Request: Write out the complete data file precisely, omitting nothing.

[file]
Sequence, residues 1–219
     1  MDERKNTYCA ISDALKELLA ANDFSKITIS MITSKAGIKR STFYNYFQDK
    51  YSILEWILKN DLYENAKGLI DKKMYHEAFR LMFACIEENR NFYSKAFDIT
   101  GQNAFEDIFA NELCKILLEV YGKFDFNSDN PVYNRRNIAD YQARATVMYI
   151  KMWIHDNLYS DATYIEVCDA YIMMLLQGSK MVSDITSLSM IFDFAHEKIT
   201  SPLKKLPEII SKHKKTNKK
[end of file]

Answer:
Sequence, residues 1–219
     1  MDERKNTYCA ISDALKELLA ANDFSKITIS MITSKAGIKR STFYNYFQDK
    51  YSILEWILKN DLYENAKGLI DKKMYHEAFR LMFACIEENR NFYSKAFDIT
   101  GQNAFEDIFA NELCKILLEV YGKFDFNSDN PVYNRRNIAD YQARATVMYI
   151  KMWIHDNLYS DATYIEVCDA YIMMLLQGSK MVSDITSLSM IFDFAHEKIT
   201  SPLKKLPEII SKHKKTNKK